Iterators in ES6

Tuesday, January 13, 2015

The addition of iterators in ES6 opens up a new world of algorithms and abilities for JavaScript. An iterator is an object that allows code to traverse a sequence of objects. The sequence of objects could be the values inside an array, or values in a more sophisticated data structure like a tree or map. One of the many beautiful characteristics of iterators is how the iterator doesn’t need to know any details about the underlying collection. All an iterator can do is provide the ability to move through a sequence  of items one by one and visit each item inside.

In this post we will look at some of the basic characteristics of an iterator, but a series of future posts will build on this to show both high-level features and some advanced techniques you can use with iterators, or to build your own iterators.

In ES6, array objects will have a few new methods available to work with iterators, and one of these methods is the values method. The values method returns an iterator object that can visit each value in an array.

let sum = 0;
let numbers = [1,2,3,4];

let iterator = numbers.values();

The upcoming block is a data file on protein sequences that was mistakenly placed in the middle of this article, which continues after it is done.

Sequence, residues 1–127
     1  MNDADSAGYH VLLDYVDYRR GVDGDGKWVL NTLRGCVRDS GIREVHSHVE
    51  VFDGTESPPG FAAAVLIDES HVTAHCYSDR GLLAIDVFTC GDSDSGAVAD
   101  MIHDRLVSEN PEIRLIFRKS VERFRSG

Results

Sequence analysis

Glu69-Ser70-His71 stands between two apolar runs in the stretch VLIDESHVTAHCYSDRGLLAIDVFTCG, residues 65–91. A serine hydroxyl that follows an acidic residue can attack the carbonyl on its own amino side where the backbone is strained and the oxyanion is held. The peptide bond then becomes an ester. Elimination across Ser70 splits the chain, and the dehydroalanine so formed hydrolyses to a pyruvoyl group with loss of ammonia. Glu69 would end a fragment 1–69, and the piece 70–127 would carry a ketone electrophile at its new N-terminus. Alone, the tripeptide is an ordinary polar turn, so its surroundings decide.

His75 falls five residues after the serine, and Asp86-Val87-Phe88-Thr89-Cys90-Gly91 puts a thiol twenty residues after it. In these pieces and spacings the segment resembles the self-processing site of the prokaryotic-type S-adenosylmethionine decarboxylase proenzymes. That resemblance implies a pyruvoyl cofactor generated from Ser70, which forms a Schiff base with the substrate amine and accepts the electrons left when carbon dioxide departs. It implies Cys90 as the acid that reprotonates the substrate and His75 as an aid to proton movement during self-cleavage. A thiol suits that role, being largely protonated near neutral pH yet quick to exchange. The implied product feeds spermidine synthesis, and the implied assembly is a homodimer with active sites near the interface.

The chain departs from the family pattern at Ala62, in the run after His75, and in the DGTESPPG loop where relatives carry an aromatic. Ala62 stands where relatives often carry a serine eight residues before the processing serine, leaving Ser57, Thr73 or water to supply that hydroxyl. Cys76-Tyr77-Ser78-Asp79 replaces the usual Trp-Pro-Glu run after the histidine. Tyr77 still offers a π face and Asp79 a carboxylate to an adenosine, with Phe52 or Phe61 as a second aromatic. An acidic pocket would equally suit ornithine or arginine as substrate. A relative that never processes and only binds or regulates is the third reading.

let next = iterator.next();

while(!next.done) {
    sum += next.value;
    next = iterator.next();
}

expect(sum).toBe(10);

An iterator is an object with a next method. Each time the program invokes the next method, the method returns an object with two properties: value and done. The value property represents the next item in the sequence being iterated. The done property is a flag holding the value false if there are more items to iterate through, or the value true if iteration has passed the final item and is complete.

Iterators exist in many other languages, and in some environments, making changes to a sequence during iteration will result in a runtime exception. In JavaScript, changes do not guarantee an error or exception, but you’d still want to exercise caution, because the changes can certainly create confusion. The following code will change the underlying array in the 2nd pass of the while loop. The changes include pushing the value 5 to the end of the array, and unshifting the value 1 to the beginning of the array. The iterator will see the values 1, 2, 2, 3, 4, 5.

let count = 0; 
let sum = 0; 
let numbers = [1,2,3,4]; 

let iterator = numbers.values(); 
let next = iterator.next(); 

while(!next.done) { 
    if(++count == 2) { 
        numbers.push(5); 
        numbers.unshift(1); 
    } 

    sum += next.value; 
    next = iterator.next(); 
} 

expect(sum).toBe(17);

Next up: using iterators the easy way with the new for of.


Comments
gravatar Benjamin Dean Wednesday, January 14, 2015
This is a handy introduction. I look forward to your nect article on the "for of". Thanks
Comments are closed.

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